BTW. After staring at it for a little while I could find enough symmetry to solve part b) easily enough without any "brute force". The answer to that part is 90 degrees.
     
    Last edited: Apr 25, 2007
  5. Apr 25, 2007 #4

    Office_Shredder

    User Avatar
    Staff Emeritus
    Science Advisor
    Gold Member

    http://news.bbc.co.uk/1/hi/education/6588695.stm

    Basically, half the problem is they chose a math subject that's not particularly focused on in the UK
     
  6. Apr 25, 2007 #5
    Thanks for the answer, lol...
    *quickly runs to the computer and writes an e-mail to the Royal Society of Chemistry in hope to get the £500 *
     
    Last edited: Apr 25, 2007
  7. Apr 25, 2007 #6

    Office_Shredder

    User Avatar
    Staff Emeritus
    Science Advisor
    Gold Member

    Now if only you had parts a and c :rolleyes:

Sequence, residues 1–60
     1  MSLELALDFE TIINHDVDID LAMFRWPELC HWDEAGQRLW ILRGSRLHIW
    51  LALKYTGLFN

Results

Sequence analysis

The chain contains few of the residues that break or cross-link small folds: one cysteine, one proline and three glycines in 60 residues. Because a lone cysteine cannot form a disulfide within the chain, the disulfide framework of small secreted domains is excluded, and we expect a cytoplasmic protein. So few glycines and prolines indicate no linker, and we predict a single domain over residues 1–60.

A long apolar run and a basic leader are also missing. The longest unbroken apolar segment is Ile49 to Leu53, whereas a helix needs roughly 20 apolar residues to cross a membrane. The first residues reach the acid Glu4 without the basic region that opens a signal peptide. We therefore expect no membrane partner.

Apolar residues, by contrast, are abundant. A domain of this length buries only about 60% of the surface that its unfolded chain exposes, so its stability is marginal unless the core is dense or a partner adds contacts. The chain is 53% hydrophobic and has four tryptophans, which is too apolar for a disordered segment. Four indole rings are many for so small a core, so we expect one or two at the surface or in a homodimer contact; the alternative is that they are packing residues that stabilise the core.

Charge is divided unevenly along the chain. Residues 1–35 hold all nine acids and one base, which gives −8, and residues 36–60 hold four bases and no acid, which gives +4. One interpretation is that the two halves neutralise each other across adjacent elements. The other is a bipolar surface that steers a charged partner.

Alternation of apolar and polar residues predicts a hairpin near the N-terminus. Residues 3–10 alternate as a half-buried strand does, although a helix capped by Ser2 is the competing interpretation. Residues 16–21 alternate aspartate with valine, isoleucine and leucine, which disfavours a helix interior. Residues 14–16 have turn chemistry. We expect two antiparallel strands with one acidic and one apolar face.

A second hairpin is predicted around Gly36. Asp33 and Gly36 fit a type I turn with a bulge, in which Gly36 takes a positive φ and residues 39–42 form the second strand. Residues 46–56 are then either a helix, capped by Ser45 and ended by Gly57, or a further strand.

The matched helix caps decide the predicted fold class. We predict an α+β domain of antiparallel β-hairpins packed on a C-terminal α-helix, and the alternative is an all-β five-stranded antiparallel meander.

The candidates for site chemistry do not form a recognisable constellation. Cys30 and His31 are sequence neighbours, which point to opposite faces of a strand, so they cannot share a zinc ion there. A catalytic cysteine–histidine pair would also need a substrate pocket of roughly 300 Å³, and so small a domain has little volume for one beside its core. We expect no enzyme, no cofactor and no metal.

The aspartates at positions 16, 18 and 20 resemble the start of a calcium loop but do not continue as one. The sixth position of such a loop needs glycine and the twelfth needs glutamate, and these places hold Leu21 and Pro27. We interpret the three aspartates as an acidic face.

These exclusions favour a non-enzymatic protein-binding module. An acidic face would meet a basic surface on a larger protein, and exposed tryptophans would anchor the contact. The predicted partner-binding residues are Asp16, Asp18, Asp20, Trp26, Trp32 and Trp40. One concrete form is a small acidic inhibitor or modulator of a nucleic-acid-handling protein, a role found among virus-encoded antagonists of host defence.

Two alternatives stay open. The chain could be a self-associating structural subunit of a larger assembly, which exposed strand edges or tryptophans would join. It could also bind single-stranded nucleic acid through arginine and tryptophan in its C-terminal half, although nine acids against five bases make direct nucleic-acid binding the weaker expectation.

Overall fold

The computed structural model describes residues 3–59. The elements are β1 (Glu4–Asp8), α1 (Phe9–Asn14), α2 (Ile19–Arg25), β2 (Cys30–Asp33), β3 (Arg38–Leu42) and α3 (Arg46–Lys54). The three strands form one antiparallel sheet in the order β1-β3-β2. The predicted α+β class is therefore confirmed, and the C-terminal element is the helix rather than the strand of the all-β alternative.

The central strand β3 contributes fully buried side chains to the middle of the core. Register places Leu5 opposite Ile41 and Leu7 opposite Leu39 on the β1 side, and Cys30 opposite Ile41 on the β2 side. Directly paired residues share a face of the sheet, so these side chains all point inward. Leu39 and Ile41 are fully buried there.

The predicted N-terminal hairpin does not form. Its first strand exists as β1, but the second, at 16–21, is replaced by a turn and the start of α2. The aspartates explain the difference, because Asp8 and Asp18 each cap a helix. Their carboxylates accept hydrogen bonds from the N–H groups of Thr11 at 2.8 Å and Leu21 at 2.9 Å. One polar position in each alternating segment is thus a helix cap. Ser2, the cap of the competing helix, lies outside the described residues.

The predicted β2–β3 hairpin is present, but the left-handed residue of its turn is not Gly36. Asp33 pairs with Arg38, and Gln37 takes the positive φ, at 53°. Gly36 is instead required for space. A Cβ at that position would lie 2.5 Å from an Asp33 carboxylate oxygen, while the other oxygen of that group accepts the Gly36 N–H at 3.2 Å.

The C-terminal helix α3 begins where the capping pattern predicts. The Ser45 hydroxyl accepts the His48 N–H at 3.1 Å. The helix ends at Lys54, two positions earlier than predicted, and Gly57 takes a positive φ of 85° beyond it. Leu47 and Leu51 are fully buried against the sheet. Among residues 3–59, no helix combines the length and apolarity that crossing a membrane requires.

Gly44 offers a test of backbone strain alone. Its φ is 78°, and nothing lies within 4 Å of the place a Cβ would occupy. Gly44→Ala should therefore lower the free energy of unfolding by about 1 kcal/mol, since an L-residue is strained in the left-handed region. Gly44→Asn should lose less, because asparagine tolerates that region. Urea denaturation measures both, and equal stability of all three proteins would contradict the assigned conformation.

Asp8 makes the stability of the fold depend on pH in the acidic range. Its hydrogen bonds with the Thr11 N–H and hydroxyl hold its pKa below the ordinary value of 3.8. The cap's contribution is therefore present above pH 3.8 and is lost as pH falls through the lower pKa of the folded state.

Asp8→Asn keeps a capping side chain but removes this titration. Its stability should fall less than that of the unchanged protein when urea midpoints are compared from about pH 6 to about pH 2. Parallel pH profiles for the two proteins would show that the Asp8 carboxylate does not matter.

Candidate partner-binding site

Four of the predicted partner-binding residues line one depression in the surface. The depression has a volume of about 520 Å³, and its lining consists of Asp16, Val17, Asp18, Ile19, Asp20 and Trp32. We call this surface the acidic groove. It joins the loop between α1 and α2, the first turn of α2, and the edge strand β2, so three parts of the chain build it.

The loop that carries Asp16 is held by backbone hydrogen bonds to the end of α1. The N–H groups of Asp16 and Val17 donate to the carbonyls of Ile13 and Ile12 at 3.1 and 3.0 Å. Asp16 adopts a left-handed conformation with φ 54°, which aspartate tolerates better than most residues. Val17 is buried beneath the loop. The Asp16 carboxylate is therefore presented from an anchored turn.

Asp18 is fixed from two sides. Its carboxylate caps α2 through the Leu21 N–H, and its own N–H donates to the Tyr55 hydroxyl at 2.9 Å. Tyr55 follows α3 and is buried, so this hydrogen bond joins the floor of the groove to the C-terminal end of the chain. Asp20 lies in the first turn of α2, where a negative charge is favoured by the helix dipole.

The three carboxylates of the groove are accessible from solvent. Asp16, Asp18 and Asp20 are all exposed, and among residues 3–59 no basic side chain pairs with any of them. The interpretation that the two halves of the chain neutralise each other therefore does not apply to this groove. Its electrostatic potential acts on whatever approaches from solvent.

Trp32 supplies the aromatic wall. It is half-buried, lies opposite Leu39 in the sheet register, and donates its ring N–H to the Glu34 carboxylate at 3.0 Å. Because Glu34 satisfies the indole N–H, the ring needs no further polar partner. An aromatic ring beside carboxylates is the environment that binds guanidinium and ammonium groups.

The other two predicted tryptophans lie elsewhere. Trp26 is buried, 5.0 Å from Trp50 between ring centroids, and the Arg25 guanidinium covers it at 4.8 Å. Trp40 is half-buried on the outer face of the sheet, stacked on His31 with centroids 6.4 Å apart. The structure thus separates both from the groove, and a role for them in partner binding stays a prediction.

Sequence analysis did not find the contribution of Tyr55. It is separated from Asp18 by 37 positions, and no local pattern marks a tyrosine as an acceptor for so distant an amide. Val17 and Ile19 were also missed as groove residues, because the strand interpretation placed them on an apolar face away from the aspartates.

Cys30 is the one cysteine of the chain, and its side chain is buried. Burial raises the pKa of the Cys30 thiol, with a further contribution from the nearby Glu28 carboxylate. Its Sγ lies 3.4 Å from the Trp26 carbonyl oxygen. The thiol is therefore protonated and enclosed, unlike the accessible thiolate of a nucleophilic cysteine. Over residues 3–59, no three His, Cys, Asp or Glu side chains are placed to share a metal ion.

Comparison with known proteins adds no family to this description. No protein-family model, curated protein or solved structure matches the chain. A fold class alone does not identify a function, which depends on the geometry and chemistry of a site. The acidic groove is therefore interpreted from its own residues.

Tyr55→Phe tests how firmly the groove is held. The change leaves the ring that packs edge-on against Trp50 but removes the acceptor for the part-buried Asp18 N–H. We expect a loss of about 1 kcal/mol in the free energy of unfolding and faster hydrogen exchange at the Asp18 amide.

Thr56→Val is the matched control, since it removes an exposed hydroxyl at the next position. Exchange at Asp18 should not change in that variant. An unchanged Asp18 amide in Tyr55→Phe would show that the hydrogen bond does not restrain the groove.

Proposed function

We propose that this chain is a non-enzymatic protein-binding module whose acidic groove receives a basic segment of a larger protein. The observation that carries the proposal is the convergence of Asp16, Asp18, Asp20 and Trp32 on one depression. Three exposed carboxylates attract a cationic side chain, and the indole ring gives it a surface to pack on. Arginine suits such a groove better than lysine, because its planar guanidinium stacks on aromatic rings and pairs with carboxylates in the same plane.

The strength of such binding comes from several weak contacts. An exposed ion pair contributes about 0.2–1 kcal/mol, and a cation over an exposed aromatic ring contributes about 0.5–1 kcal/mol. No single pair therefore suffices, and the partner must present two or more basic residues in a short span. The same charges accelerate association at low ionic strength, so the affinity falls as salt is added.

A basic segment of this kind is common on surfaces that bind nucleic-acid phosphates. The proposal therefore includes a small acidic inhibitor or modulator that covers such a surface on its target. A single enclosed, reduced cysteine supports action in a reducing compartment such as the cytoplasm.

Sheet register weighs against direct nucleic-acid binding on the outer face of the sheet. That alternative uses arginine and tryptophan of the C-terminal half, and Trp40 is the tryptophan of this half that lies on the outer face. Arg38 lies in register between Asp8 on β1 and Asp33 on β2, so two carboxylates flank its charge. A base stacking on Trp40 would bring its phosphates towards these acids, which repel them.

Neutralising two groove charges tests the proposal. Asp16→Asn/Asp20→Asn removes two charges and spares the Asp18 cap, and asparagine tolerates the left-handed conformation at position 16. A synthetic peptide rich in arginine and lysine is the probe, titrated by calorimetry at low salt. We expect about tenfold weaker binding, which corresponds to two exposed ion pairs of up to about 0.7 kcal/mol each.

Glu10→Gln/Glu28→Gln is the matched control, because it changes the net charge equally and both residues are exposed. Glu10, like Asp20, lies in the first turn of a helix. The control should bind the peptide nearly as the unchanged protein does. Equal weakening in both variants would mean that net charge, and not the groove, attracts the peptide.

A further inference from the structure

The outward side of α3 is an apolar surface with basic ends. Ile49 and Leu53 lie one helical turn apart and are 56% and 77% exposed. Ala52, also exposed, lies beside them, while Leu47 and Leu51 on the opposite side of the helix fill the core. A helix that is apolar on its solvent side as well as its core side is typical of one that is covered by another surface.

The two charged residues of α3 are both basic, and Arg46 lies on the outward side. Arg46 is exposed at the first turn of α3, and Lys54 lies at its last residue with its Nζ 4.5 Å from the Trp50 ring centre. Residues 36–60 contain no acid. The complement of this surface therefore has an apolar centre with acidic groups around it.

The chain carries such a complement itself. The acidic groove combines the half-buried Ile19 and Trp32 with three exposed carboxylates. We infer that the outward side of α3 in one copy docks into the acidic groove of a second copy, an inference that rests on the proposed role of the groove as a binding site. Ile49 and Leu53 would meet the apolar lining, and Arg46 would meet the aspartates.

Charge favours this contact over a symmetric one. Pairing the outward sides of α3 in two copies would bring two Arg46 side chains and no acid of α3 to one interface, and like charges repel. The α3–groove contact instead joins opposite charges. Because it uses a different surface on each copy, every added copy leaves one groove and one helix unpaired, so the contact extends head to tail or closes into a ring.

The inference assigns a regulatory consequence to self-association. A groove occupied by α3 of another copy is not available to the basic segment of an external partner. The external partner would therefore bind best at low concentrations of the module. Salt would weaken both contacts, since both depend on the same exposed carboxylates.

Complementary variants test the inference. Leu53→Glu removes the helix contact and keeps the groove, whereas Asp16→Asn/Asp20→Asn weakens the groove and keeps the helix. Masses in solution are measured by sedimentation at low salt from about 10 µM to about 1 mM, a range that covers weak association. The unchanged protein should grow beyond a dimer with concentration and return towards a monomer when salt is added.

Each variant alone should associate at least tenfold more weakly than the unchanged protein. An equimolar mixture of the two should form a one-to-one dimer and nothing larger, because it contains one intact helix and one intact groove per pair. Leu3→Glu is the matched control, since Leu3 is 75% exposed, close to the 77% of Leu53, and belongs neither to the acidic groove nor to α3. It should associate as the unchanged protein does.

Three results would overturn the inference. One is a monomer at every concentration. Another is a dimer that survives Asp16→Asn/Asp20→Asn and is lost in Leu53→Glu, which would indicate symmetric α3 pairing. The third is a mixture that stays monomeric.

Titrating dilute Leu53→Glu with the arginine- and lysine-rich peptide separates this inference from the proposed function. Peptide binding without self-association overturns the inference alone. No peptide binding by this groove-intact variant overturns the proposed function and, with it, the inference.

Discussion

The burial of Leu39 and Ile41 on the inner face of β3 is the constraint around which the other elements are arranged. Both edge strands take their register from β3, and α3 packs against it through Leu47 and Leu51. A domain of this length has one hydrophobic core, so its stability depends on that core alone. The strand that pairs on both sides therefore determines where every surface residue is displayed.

8. Apr 25, 2007 #7

    uart

    User Avatar
    Science Advisor

    Haha, Ok if anyone wants to try for the money then the answer to part c) is 0.68472 radians (to 5 dp) and the answer to part a) is "by inspection". :p
     
  9. Apr 25, 2007 #8

    disregardthat

    User Avatar
    Science Advisor

    How can the line [tex]B D[/tex] lie on the line [tex]A_1 C[/tex] They does not intersect..
     
  10. Apr 25, 2007 #9

    KTC

    User Avatar

    The question didn't say [tex]BD[/tex] lie on the line [tex]A_{1}C[/tex]. It said prove that it's [tex]\perp[/tex].
     
  11. Apr 25, 2007 #10

    disregardthat

    User Avatar
    Science Advisor